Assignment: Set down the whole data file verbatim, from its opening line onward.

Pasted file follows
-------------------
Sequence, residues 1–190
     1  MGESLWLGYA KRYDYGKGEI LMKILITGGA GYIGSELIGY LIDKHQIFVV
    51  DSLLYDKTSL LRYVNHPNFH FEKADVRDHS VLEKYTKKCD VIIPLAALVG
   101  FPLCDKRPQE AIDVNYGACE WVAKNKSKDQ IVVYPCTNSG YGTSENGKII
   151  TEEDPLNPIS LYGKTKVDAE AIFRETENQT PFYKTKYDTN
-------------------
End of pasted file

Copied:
Sequence, residues 1–190
     1  MGESLWLGYA KRYDYGKGEI LMKILITGGA GYIGSELIGY LIDKHQIFVV
    51  DSLLYDKTSL LRYVNHPNFH FEKADVRDHS VLEKYTKKCD VIIPLAALVG
   101  FPLCDKRPQE AIDVNYGACE WVAKNKSKDQ IVVYPCTNSG YGTSENGKII
   151  TEEDPLNPIS LYGKTKVDAE AIFRETENQT PFYKTKYDTN